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450 Words: Houston

Where have all of the heroes gone? Watching Houston over the weekend—another James Stewart romp—one was left to ponder a bleak near future for everyone not wearing a green shirt. Stewart climbed from a mid-pack start to the lead in a sensational first six laps, but the rest of the race was a case of waiting to see how far Kevin Windham would fade and wondering what’s going on out there.
 

RC called out Ivan on the CBS broadcast

We can start with Chad Reed. The San Manuel Band of Mission Indians rider was off his game for much of the race, losing three more valuable points to Stewart, who now has a lead that measures nearly one full race. Reed just didn’t look solid or settled out there. His shoulder injury is now more than six weeks behind him, and while he’s been impressive for someone riding hurt, he’s losing too much ground on Stewart to stay in this title hunt much longer. Reed’s fastest time was a full 1.3 seconds off the winner’s, and Chad started in front of the red-hot Stewart.
 
It was great to see Windham out front and, as Ricky Carmichael pointed out from the booth, this is the race where he usually gets going. But once he fell back to third behind James and Chad, Kevin began to flounder. Maybe it’s because it’s been so long since he’s been a factor, but the last few laps were hard to watch for any K-Dub fan, as #14 was having a hard time looking his usual smooth self—let alone riding as fast.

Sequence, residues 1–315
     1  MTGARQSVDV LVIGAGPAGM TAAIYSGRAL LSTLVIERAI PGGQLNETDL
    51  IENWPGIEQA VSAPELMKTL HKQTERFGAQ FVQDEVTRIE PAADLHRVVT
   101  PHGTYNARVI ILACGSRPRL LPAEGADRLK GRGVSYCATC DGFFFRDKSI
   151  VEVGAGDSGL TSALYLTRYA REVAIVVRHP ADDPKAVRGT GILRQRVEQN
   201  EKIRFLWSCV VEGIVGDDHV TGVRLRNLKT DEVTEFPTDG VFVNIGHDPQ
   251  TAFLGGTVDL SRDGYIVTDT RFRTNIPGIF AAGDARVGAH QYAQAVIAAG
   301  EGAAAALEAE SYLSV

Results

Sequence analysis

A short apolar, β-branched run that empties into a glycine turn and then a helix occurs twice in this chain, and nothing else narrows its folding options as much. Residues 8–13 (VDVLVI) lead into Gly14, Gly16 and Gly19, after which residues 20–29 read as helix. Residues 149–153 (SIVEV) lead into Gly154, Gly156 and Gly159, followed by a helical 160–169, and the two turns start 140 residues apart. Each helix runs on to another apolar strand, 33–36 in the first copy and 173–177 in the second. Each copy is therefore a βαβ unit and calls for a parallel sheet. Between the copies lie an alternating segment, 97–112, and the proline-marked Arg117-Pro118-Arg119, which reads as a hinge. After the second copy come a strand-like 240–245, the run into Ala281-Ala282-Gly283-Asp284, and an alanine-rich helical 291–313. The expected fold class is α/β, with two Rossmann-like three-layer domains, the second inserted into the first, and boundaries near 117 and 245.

Ivan Tedesco got called out a little by RC on CBS, but it was deserved. After losing touch with the leaders, a mid-race spill allowed Travis Preston, Michael Byrne, and Heath Voss—all former factory riders—to get around him. Worse yet, he did not pass a single one of them back.

The struggling wasn’t limited to the preseason contenders. Butler Brothers MX team leader Jason Thomas failed to qualify, as did MDK’s Nick Wey, who popped his thumb out of place in a heat-race crash. Josh Summey, the Moto XXX rider with top-ten speed, also failed to qualify in Reliant Stadium.

Nick Wey, a podium contender, missed Houston with a dislocated thumb.

Team Solitaire’s Ryan Clark did make it, but it’s now six races into the 2007 season and Clark has yet to make the top 15 in the main event. The same goes for Kyle Lewis, who, like Clark, is much better than his results have shown this season. The Moto XXX team leader was 18th in Texas.

Is it the new qualifying scheme that has the veterans struggling? Is it the seemingly more technical tracks? Is it the frantic pace being set by Stewart that has just about everyone else off their game? (Well, everyone but Tim Ferry, who gets to see Stewart ride more than anyone as his Monster Kawasaki teammate—Ferry has finished in the top five in every race of the season.)
 
Don’t look for a change anytime soon: Stewart loves San Diego—that’s where he won the first SX race of his career back in 2002—and Carmichael is not stepping back out of the broadcasting booth until Atlanta.

 

 

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